Skip to content

18 Catt. 3: In re La Tingeria

2013 March 20

Opinion of JUSTICE CATTLEYA, in chambers.

La Tingeria’s authentic Mexican dishes first graced the lunch table of this court late last year. I was most pleased with La Tingeria’s tinga, quesadilla, and elote loco. The delicious flavors and affordable prices even had me declare that “La Tingeria ha[d] become one of my favorite food trucks.” In re La Tingeria (La Tingeria I), 15 Catt. 3 (2012). I granted cartiorari to try the rest of the items on La Tingeria’s menu, so that the reader may form a more complete picture of La Tingeria’s offerings.

La Tingeria

La Tingeria

As I explained when La Tingeria first appeared before the Cart, the menu is simple. First, “you pick a meat, then you pick a vehicle to contain it.” La Tingeria I, 15 Catt. 3. The meat options are beef, chorizo, and chicken. The “vehicle” options are tingas, quesadillas, tacos, and sopes. At the end of last year, La Tingeria planned to retire quesadillas and sopes from the menu, but they returned this year with the original menu, including the quesadillas and sopes. As the reader will see below, this is a very good thing. The menu may soon expand to include tortas as well. Each menu item is $2.50.

In La Tingeria I, I opted for a beef tinga and chorizo quesadilla. So that I could review for the reader all of La Tingeria’s menu options (as of the date of this writing), I ordered a chicken taco and chorizo sope this time around.


Before I discuss the merits of these two menu items, I must establish who carries the burden of proof in this case. This Cart presumes that all street food should be fully affirmed. If the food before us is properly classified as “street,” then the food may only be remanded for revision if the Cart meets the high burden to prove a severe misstep.  See In re Big Cheese, 6 Catt. 2 (2012). Street food is defined by this court as “the kind[] . . . that can be cooked in front of you and [is] meant to be eaten with your hands, without forks, while standing up.” In re Eat Wonky, 2 Catt. 5 (2011). We have already determined that La Tingeria’s hand-held food offerings are street food. La Tingeria I, 15 Catt. 3; see also In re El Chilango, 12 Catt. 2 (2012) (holding that tacos are street food). Thus, La Tingeria’s dishes are entitled to the presumption of affirmance by this court.


As an authentic Mexican taco should be, La Tingeria advertises that a taco includes your choice of meat served on two corn tortillas and then topped with onion and cilantro. However, when my chicken taco arrived, it was topped with lettuce, Mexican cheese, and crema Mexicana. The shredded chicken filling was surprisingly flavorful and moist. Cooked with onion, it achieved a nice mix of sweet and spicy. Overall, the taco was tasty, although I would have preferred the more traditional toppings of onion and cilantro to the less traditional lettuce and cheese.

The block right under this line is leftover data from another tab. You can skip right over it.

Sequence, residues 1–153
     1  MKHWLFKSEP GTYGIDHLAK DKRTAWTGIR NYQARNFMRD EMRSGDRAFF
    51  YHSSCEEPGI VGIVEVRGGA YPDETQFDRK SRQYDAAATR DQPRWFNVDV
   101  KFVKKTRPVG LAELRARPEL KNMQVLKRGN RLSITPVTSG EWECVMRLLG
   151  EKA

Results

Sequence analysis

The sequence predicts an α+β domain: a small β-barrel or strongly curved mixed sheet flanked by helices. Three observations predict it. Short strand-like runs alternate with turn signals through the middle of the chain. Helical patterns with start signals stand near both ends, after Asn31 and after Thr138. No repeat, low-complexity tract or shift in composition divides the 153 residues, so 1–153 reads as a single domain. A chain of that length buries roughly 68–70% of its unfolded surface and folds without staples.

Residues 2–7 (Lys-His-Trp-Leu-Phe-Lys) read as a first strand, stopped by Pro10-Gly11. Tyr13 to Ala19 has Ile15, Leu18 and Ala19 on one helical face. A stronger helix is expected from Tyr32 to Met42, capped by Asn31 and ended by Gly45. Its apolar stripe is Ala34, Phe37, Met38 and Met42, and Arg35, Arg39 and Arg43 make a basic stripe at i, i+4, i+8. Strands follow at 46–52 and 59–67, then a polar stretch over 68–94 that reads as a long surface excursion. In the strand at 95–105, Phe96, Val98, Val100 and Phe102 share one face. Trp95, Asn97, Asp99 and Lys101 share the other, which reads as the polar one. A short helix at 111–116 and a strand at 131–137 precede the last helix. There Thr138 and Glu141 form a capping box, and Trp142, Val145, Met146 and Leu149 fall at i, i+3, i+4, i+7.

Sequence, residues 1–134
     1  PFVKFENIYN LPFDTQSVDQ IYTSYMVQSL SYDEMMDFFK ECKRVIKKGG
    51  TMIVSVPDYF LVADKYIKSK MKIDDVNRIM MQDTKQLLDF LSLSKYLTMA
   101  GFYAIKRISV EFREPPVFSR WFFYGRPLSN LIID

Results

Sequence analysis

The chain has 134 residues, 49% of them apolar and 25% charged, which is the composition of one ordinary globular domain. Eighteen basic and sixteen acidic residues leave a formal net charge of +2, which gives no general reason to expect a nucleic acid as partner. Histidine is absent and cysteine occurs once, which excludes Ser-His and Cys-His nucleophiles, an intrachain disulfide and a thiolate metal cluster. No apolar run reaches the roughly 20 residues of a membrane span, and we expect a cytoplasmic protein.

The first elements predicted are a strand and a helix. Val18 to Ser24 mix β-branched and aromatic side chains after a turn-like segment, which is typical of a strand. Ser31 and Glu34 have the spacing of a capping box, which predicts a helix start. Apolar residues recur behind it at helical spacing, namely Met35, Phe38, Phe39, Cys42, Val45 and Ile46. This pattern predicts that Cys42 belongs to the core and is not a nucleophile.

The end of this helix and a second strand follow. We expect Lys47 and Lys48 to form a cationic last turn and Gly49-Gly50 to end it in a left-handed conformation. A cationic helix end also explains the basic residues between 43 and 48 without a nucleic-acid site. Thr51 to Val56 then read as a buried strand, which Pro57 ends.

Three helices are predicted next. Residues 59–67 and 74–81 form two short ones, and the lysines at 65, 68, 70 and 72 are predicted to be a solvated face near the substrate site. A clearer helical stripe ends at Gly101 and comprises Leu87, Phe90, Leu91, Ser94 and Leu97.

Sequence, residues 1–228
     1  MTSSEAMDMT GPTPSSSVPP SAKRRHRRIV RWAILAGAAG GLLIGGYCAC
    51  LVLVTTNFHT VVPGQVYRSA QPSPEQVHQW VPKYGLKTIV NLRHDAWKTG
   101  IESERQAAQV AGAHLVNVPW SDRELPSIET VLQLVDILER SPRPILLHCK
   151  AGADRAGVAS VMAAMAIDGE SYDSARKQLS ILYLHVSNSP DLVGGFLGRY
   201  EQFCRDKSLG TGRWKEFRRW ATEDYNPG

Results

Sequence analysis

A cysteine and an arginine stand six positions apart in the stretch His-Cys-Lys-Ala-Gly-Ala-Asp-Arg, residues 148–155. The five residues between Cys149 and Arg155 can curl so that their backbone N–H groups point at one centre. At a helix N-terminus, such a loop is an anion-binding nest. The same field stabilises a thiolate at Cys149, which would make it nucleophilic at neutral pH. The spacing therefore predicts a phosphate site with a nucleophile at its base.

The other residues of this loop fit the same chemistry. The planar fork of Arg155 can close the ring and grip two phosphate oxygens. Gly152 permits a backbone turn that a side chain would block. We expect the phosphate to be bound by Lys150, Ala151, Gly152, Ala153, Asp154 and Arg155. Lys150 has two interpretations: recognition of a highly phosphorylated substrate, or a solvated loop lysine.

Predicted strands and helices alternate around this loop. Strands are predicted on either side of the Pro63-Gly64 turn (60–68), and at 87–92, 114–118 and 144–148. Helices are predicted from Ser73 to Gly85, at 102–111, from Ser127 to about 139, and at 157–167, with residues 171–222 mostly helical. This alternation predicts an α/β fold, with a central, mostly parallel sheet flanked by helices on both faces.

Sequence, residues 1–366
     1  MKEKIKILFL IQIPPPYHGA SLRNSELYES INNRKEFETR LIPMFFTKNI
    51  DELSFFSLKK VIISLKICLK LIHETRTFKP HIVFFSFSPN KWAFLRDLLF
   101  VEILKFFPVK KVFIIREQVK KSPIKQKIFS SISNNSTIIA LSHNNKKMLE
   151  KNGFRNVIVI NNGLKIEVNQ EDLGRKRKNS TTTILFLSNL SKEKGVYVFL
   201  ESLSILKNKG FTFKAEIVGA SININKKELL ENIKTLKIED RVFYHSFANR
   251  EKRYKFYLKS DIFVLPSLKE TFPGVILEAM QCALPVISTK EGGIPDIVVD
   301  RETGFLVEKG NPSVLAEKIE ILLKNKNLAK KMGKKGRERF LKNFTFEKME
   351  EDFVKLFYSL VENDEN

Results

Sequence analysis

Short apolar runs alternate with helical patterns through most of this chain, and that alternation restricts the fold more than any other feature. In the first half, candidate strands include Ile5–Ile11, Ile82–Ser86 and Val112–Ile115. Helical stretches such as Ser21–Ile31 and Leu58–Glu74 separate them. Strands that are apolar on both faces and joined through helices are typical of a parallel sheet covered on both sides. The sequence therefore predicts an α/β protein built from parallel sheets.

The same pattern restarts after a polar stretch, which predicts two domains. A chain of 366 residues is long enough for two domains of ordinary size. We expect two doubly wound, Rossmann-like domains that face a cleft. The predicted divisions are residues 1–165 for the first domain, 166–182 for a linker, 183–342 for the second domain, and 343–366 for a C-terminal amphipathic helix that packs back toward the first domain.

It was a solid dish, but still, the taco is La Tingeria’s weakest menu offering. This is for two reasons. First, while eating La Tingeria’s taco, my mind could not help but wander to another authentic Mexican food truck that serves tacos (and only tacos) and has perfected the dish–from the lightly toasted two-ply corn tortillas to the side of fresh radish slices. I speak of El Chilango. See El Chilango, 12 Catt. 2. Second, the other three options on La Tingeria’s menu (tinga, quesadilla, sope) are so strong and so memorable that the taco cannot compete. For more on La Tingeria’s tinga and quesadilla, see La Tingeria I, 15 Catt. 3. For more on the sope, see below.

Chicken Taco & Chorizo Sope

Chicken Taco & Chorizo Sope


Until I walked up to La Tingeria’s window, I had never heard of or tried a sope. What you get is a thick tortilla that is fried on the outside. It is then layered with a refried bean spread, your choice of meat, onion, cilantro, Mexican cheese, and crema Mexicana. It may not be the prettiest (or least caloric) of foods, but the result was spectacular. The fried exterior of the tortilla provided a nice crunchy texture, while the thick center was still soft. The thickness of the tortilla also functioned to support the weight of the heavy toppings. The ground chorizo was wonderfully fatty and spicy, and the refried beans were flavorful. The onion, cilantro, and cheese finished off the dish nicely. As soon as I ate the last bite, I wanted to run back and order another one. Without a doubt in my mind, La Tingeria’s sope is the star. I plan on returning to La Tingeria for this menu item alone on a regular basis (though for the sake of my waistline, probably every other week instead of every week).


La Tingeria has solidified itself as my favorite “everyday” food truck. Cf. In re Red Hook Lobster Pound, 2 Catt. 1 (2011) (describing a “special occasion” food truck). Its menu focuses on delicious, satisfying dishes, and it offers everything at cheap prices. Sure, it’s not without some missteps (e.g., as with my first visit, there were some mix-ups with the orders). But La Tingeria usually gets it right, and when it’s right, it’s excellent.

AFFIRMED. It is so ordered.

2 Responses
  1. March 24, 2013

    I can not get enough of this food! It is all the Mexican holidays and birthdays in a food truck! A lot of these dishes are what a true Mexican family makes on these special days! The service is always very friendly, and very fast! La Tingeria, defiantly raises the bar and the standards for food truck business.

  2. May 1, 2013

    Thanks for the great comments this is just the beginning new stuff soon

Comments are closed.